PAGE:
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A feed by Raymond Camden
Permalink - Posted on 2017-07-27 20:24
Ok, as a quick warning, this is a pretty stupid demo. I mean, I know that’s my thing - I’m the person who makes demos with cats. But this really pushes it a bit too far. I was bored a week or so ago and found an interesting API, the Sunrise Sunset API. This is a free API that returns sunrise and sunset times for a specific location. So obviously I saw that and thought it would be the perfect kind of service for vampires.
Permalink - Posted on 2017-07-24 17:33
For a while now I’ve been a huge fan of Postman. If you’ve never heard of it, it’s an incredibly powerful tool for working with APIs. I know a lot of folks like to use Curl at the command line for doing HTTP calls, but I much prefer a visual tool instead. Plus, Postman makes it much easier to save and organize API tests for use later. It’s free, supported everywhere, and I strongly recommend it.
Permalink - Posted on 2017-07-18 16:11
Today I ran into a great bug. By “great” I mean it totally confused me but as soon as I realized what I was doing wrong, I knew it would be a great thing to blog about as a reminder to others. I don’t think this applies just to OpenWhisk, but to serverless in general. Ok, so what did I do? I was working on a sample action that simply returned an array of cats.
Permalink - Posted on 2017-07-17 17:58
Yesterday I was doing some research into serverless meetups when I encountered something that bugged me about the Meetup.com web site. Specifically, this: I couldn’t search for meetups until I logged in. Now, don’t get me wrong, I’ve got a Meetup.com login, and I could have logged in in about 2 seconds, but this really bugged me. (As an aside, you can just go to https://www.meetup.com/find/events/ to skip being forced to log in.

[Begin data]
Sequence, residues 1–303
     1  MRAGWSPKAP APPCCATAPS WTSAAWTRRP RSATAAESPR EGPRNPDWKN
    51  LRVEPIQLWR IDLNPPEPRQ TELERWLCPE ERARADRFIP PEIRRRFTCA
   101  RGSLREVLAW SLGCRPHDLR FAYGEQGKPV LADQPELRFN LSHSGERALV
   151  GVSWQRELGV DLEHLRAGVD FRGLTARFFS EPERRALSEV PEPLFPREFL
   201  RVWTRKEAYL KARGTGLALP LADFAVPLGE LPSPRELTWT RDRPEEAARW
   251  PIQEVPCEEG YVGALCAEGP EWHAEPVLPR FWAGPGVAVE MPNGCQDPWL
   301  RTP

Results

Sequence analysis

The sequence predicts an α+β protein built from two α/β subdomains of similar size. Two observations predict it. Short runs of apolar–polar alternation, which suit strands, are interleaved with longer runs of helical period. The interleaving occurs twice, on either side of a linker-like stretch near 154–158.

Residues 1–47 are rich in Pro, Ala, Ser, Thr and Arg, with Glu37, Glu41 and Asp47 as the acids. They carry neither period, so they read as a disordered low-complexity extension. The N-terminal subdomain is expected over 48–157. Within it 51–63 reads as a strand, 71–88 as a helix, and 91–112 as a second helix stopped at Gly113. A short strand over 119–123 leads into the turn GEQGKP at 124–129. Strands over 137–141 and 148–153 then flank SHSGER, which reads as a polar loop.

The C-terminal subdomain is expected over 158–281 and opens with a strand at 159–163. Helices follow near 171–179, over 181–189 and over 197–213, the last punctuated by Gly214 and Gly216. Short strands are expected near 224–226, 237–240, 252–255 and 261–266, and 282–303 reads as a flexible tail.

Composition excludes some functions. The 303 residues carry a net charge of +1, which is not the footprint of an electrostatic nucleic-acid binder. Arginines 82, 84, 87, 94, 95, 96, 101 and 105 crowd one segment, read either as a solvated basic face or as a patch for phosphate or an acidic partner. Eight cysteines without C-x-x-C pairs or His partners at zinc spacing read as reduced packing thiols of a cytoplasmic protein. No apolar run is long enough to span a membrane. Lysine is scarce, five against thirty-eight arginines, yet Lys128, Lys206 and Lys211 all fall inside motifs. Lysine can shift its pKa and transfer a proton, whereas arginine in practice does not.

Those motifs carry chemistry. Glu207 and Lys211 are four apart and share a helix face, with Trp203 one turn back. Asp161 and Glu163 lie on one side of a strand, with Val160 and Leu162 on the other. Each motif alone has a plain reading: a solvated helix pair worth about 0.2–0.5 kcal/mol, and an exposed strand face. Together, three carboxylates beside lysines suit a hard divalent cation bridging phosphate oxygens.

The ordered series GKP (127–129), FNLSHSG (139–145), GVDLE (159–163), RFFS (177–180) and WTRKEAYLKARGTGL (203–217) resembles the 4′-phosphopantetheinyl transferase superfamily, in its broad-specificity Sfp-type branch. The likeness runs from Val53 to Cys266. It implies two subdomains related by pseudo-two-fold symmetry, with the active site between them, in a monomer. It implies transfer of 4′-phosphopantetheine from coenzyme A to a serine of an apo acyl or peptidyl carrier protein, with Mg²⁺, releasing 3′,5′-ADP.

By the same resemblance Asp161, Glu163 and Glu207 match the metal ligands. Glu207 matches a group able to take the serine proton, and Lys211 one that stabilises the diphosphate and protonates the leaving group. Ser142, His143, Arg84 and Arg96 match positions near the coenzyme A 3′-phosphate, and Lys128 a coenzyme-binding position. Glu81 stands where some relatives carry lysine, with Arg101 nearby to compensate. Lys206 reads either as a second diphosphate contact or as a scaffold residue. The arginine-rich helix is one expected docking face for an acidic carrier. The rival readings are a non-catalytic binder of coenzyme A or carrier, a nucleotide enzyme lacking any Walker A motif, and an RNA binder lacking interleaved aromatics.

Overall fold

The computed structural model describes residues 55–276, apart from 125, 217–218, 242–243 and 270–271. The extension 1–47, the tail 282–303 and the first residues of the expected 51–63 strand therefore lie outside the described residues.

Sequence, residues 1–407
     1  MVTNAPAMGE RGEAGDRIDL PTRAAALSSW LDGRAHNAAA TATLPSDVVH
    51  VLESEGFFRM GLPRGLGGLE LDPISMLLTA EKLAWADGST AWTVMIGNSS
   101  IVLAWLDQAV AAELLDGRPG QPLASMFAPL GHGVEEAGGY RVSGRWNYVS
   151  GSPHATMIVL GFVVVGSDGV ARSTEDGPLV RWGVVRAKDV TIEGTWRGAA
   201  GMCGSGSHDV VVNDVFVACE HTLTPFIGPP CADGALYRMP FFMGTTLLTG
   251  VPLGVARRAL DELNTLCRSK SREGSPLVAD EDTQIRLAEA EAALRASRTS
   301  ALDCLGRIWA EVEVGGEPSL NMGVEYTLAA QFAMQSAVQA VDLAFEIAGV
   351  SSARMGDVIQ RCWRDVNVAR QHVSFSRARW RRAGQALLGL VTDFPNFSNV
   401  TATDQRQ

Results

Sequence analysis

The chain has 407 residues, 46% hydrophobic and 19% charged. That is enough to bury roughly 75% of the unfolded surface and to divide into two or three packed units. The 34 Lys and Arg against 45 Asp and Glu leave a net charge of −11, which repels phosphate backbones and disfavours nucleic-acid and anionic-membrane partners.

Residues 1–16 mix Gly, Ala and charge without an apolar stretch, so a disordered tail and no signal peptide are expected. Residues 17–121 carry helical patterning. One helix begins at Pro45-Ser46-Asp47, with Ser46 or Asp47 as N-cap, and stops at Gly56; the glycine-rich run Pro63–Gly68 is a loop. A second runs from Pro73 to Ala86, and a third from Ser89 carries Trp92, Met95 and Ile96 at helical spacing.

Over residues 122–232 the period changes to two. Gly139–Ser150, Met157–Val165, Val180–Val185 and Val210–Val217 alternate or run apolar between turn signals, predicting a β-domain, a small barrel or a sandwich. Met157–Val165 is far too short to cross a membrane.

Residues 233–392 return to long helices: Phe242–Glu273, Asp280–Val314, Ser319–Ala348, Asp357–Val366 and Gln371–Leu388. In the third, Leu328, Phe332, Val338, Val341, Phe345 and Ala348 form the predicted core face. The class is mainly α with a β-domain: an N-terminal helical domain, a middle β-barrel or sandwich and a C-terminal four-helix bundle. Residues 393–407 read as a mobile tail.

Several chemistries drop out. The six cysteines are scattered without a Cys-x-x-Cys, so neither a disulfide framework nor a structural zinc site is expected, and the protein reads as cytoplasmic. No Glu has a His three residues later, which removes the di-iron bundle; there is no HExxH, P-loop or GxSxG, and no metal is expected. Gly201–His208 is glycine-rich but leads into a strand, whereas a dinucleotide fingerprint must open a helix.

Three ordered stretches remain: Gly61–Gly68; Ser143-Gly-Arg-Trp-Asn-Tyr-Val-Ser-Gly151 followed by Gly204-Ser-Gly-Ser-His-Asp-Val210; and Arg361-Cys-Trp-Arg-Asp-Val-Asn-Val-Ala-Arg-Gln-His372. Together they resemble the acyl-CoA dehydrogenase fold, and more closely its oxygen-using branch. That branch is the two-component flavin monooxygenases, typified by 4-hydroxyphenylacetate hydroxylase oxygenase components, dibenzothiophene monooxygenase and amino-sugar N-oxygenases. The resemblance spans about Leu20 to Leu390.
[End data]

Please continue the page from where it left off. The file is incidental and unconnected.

Permalink - Posted on 2017-07-07 16:49
Last week I blogged about a sample application I built using OpenWhisk, Twilio, and IBM Watson. The idea was - I could send a picture to a SMS number set up with Twilio, Twilio would send the data to OpenWhisk, OpenWhisk would get the picture and send it to Watson for identification, and finally the result would be sent back to the user. This morning a coworker pointed out a few issues and I found a way for the code to be much simpler.
Permalink - Posted on 2017-07-06 15:20
Over two years ago I blogged about a demo I had built involving RSS and Google Analytics. The reason for that demo was simple. As an active blogger, I want to have an idea about how my recent content is doing. Google Analytics, however, doesn’t have a way to recognize what my most recent content is. By combining a RSS feed and a Google Analytics API, I could create a mashup that reported exactly what I wanted - how my latest entries were doing.
Permalink - Posted on 2017-07-05 15:52
Yesterday while working on a new book (yep - I’m writing a book for OpenWhisk!) I discovered something pretty important. I generally use the OpenWhisk docs on IBM Bluemix as my reference: https://console.bluemix.net/docs/openwhisk/index.html. I knew that the docs were sourced from the GitHub repo, but what I did not know is how far behind the Bluemix docs were. This is probably just a random fluke, but it bit me in the rear (and I’ll explain why next) so I’m now updating my own bookmarks to the GitHub docs: https://github.
Permalink - Posted on 2017-07-03 20:25
Back a few months ago I wrote up a quick blog post on how an OpenWhisk action could support running in both “regular” mode and “Web Action” mode: Designing an OpenWhisk Action for Web Action Support. I started off that blog post with a warning stating that what I was covering was bleeding edge and likely to break. Turns out I was right - it did. I want to share a quick update to that blog post and demonstrate how it can be done now.
Permalink - Posted on 2017-06-29 16:03
I have made some important corrections to this guide - please see my followup here: https://www.raymondcamden.com/2017/07/07/handling-sms-with-openwhisk-ibm-watson-and-twilio-an-update Earlier this week I got a chance to play a bit with Twilio’s API (An OpenWhisk Monitor/Alert POC) and I have to admit I was shocked at how easy it was to use. It got me thinking about what else I could do with it (as an excuse to learn of course) and I whipped up a pretty cool demo I’d like to share.
Permalink - Posted on 2017-06-27 21:54
A few weeks back I posted (Monitoring OpenWhisk Activity) about how you can monitor your OpenWhisk activity. One of the things I made note of is that it would be nice to have an “alert” system such that I could specify that if a certain action began performing poorly, I could get an alert. Now “poor” is a fairly nebulous term, but today I worked on a little demo that I’d like to share.